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Saving Batch - High Temp Mashed

Hello,

This is my second batch and the water got hot too fast so I ended up mashing my specially grains from my extract kit at a high temp.

Fermentation took off pretty well but it might have had a shorter fermentation period than my Irish Red. I’ve read about using Amylase to help with a high temp mash batch.

So, should I buy this enzyme and use it with my batch?

TIA

What grains were used and what temp were they held at? Specialty grains don’t need to be mashed. I think what you’re referring to is steeping. Complex sugars are already broken down in specialty grains. All that needs to be done is a steep to solubilize and extract them.

Regardless of what grain you used, I would just let it ferment out. Have you taken a hydrometer reading?

If I’m correct Amylase is used primarily for conversion of starch to sugar. If you’re using extract with specialty grains this isn’t likely an issue for you. One possible negative of steeping your specialty grains at too high a temp is astringency, but I wouldn’t worry too much about it.

Specialty grains were:

0.75 lbs English Medium Crystal Malt
0.5 lbs Belgian Biscuit Malt

This was for White House Honey Ale. OG was 1.085

Temp was around 185

Will the beer still be tasty just taste like a different beer style?

Yep, a little mix up on terminology but that’s ok. You were steeping your specialty grains which is different than conducting a mash. If it were actually mashing you would have more problems but since it was just steeping for color/flavor you will be ok most likely. There could be some astringent characteristics but at this point there is nothing to be done about that. Don’t worry though, when I started there were times when I stepped away and accidentally boiled by grain bag… Still drinkable. Not what you want to do but life goes on and beer gets drank.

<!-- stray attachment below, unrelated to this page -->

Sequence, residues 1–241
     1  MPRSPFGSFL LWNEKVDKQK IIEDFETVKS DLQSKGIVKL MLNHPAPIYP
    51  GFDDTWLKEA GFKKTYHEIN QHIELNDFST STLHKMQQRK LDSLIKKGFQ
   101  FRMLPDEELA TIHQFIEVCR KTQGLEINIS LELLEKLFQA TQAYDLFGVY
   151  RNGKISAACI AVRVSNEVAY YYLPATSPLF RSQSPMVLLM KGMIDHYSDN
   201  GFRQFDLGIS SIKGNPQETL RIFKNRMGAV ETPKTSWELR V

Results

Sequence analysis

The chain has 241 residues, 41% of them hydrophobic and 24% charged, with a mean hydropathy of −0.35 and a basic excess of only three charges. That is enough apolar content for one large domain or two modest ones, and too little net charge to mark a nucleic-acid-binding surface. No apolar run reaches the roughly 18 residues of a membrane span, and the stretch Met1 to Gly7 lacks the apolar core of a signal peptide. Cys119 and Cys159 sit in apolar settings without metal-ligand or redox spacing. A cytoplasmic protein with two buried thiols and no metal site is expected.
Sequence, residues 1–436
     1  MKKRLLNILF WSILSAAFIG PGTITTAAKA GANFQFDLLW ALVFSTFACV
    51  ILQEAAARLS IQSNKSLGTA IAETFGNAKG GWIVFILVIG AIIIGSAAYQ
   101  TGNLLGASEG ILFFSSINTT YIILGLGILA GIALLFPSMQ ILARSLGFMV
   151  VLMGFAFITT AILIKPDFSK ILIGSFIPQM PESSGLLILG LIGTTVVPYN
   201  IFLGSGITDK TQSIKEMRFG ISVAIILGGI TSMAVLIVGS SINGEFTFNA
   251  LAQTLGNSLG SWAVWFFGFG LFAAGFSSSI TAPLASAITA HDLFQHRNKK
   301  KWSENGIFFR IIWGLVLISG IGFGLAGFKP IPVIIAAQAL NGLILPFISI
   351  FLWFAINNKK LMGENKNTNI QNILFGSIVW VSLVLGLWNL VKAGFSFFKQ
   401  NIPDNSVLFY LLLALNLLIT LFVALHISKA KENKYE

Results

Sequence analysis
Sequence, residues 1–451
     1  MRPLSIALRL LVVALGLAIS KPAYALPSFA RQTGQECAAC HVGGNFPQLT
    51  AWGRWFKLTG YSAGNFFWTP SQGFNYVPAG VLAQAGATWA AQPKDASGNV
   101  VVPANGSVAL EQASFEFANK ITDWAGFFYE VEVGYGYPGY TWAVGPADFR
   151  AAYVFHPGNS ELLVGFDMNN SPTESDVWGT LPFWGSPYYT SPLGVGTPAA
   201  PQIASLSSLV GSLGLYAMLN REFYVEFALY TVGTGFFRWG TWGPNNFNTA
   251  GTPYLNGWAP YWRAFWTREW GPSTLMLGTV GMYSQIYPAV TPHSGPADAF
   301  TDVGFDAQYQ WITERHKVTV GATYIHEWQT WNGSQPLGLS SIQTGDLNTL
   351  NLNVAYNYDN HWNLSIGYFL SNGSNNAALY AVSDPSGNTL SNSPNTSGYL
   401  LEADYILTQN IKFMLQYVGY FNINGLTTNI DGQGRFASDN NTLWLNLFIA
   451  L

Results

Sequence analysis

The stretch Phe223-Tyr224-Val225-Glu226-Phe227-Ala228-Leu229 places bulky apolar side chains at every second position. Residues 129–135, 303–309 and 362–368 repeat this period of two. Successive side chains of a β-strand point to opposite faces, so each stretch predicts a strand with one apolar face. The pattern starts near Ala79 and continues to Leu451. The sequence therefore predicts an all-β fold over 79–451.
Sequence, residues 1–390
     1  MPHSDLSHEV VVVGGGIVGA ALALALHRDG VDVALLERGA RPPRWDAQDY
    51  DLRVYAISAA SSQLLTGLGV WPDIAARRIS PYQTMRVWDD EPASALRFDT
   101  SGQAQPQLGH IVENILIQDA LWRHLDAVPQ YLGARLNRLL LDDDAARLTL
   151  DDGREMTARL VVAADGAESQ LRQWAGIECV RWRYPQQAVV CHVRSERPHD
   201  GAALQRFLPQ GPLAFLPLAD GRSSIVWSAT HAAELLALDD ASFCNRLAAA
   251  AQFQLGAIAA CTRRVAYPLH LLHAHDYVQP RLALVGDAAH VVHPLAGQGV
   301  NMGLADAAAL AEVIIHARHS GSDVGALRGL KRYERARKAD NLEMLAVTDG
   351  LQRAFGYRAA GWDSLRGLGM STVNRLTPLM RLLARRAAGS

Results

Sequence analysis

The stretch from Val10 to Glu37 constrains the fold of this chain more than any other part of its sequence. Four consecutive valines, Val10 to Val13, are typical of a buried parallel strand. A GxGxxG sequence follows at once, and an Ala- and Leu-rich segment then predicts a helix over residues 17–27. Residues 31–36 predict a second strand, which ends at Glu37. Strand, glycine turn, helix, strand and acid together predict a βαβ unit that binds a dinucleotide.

:cheers:

Your beer will turn out just fine as inhousebrew has indicated. You weren’t really doing a mash for this beer, just a steep, so the temperatures don’t matter as much.

I would avoid any purchase or use of any enzyme for fixing stuck fermentations. I have used it before, and it ruins the beer. Don’t do it.

I bottled this today and it seems like it is going to be great. I tasted it and I can’t believe how good it tastes already. I will be having this as soon as it gets carbonated.
:smiley:

The White House Honey Ale is a nice kit, I’ve done that and the Honey Porter. As a rule, you shouldn’t mix beer and politics, but one thing you have to give the current administration, is that the kitchen can make a decent beer. (I’d love to know more about the recipes than just being attributed to the White House)

Did you add a couple more pounds of honey? I ask because that OG seems high; 1.085 versus the kit’s expected 1.062. Adding more sugar will raise the OG, and eventual ABV. But a typical issue for extract brews, is that it’s hard to get the top-off water properly mixed in. It’s a non-issue really because the yeast also stir for you, but it can wildly throw off OG readings. A bad OG reading then invalidates your ABV calculations. Extract kits generally hit the mark assuming top-off to 5 gal, and no recipe deviations. So if your OG was off due to stratification, just use the kit’s number when you compute ABV. Also, if you’re using a bucket, make sure gallon lines are printed in the right place, I’ve had two buckets off by a quart or more.

I didn’t use any extra honey or sugars. I did make this out of an extract kit, I guess I should have shaken up fermentor before taking reading. I’ll do that next time, I assumed I had a high SG becauce of my high temp steeping.

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